Friday, May 22, 2020

Devotionals for the Heart: Thoughts on caring for people a bit "too much"

Caring Too Much

A devotional by Amy Odland

“But to you who are listening I say: Love your enemies, do good to those who hate you, bless those who curse you, pray for those who mistreat you. Be merciful, just as your Father is merciful.” – Luke 6:27-28, 36 (NIV)

“You care too much.”

Have you ever had this said to you? Or maybe you’ve said it to someone? Is it even possible to, as a Christian, “care too much?”

In John 15:12-13 (NIV), Jesus says “My command is this: Love each other as I have loved you. Greater love has no one than this, that someone lay down his life for his friends.” When you think about him saying that to his twelve disciples, including Judas who would eventually betray him, you can get a better picture of what he meant in Luke 6 when he also said “love your enemies.”

According to, the Greek word of enemies is echthros, which means “someone openly hostile, animated by deep-seated hatred, implies irreconcilable hostility, proceeding out of a “personal” hatred bent on inflicting harm.”

Do you have an enemy right now, someone you have deep-seated, irreconcilable hostility towards? Maybe it’s against someone who treated you unfairly or did or said hurtful things to you or a loved one. Maybe you are someone else’s enemy because of something you’ve done or said to them.

As Christians, we’re supposed to be loving and forgiving, but we don’t always do a very good job of that. We hold grudges, have angry outbursts, daydream about revenge, and want to see justice prevail quickly. I don’t know of many people, myself included, who look for ways to “lay down their life” for their enemies. But if we only love those who love us, what sets us apart from those who aren’t Christians, those who do the same kinds of acts of kindness we do? (Luke 6:32-33) 

Some of my unbelieving friends are just as kind and generous as my believing friends; the thing that sets those of us in Christ apart from the rest of the world is how we treat those who mistreat us. We become a living, breathing example of the Gospel message when we care for our enemies, which to some people, may look like “caring too much.”

Loving our enemies is only possible because of the Holy Spirit, the Helper who Jesus Christ mentions in John 14 and John 15. We love because he first loved us, because while we were still enemies of God, He sent His son to die for us. (Romans 5:10) Danielle Bernock explained it this way in one of her posts:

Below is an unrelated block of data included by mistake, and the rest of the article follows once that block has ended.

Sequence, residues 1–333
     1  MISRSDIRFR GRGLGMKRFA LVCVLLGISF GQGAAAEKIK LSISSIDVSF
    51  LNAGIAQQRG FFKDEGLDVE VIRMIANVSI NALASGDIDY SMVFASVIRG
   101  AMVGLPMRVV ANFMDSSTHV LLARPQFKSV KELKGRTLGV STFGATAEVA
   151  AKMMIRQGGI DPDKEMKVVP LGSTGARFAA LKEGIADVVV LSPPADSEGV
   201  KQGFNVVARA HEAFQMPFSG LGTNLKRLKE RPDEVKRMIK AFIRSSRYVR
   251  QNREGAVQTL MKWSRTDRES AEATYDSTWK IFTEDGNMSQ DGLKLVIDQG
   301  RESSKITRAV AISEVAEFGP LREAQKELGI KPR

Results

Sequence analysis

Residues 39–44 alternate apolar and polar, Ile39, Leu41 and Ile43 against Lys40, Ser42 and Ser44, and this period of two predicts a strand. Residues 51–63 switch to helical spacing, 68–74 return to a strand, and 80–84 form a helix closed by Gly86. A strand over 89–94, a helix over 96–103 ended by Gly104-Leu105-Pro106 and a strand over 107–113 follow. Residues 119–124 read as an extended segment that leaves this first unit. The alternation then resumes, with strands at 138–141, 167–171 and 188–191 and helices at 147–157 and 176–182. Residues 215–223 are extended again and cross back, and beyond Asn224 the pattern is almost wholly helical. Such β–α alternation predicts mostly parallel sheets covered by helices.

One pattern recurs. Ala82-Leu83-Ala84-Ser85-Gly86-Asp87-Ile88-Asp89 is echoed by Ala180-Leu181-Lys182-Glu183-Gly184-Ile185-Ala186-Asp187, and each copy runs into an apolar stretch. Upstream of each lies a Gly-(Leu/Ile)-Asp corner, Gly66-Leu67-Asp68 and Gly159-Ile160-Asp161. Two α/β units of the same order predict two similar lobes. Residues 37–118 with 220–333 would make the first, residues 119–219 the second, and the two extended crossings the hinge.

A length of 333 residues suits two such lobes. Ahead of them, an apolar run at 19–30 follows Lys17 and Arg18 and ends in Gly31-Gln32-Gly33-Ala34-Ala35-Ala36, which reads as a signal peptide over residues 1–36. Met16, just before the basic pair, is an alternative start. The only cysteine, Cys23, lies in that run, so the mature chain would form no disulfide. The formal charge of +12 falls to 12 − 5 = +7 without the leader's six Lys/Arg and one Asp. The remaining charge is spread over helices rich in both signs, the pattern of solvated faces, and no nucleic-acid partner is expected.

“Jesus brought up the issue of mercy repeatedly. Everyone wants mercy. The Bible tells us that mercy triumphs over judgment. Of course we want it. Giving mercy requires us to give up revenge and hand the judgment part to God. Loving our enemies doesn’t mean to allow them to continue to hurt us. That would be a failure of loving ourselves as God loves us. We can do what is in our control to protect ourselves while trusting God to step in. Loving our enemies means to see them as human beings in need of the Father’s love.”

Imagine loving your enemies in such a way you were able to say to a group of people who knew you best: “Love your enemy as I have; I’ve given you an example of how I loved mine.” Jesus Christ, in a sense, said this and then later died on the cross...even for Judas and the Pharisees. He cared about people to the point of death.

When we say to one of our brothers and sisters in Christ that they “care too much,” I wonder if we are actually meaning something else. I don’t think it’s possible, as a Christian, to “care too much” about people.

Let’s Pray: Lord, please help us care for others as you want us to. Help us love our enemies as you would love them. Give us wisdom to be able to discern when it’s time to turn the other cheek and when it’s time to “shake the dust from our sandals” and move on. Give us compassion for everyone created in your image. In Jesus’s Name I pray, Amen.

Author Bio:

Amy Odland has been serving in church ministry as a volunteer leader for over 16 years, in various worship, prayer and women’s ministry roles.

Her passion for helping women stems from her own struggles and lessons learned in her journey as a Christian since first deciding to follow the Lord in 1994. 

Amy’s priorities after her faith include her family — husband Rick, and their four kids — as well as extended family who all live close in proximity and the many friends she’s made over the years.

In addition to a love of teaching and helping her husband with the bookkeeping for their many businesses, Amy has recently expanded her stay-at-home work to include leading author’s book launch teams for publishing companies like Baker, Revell, Barbour, and Lifeway.

She also enjoys teaching new authors about platform building, self-launching, and online marketing.

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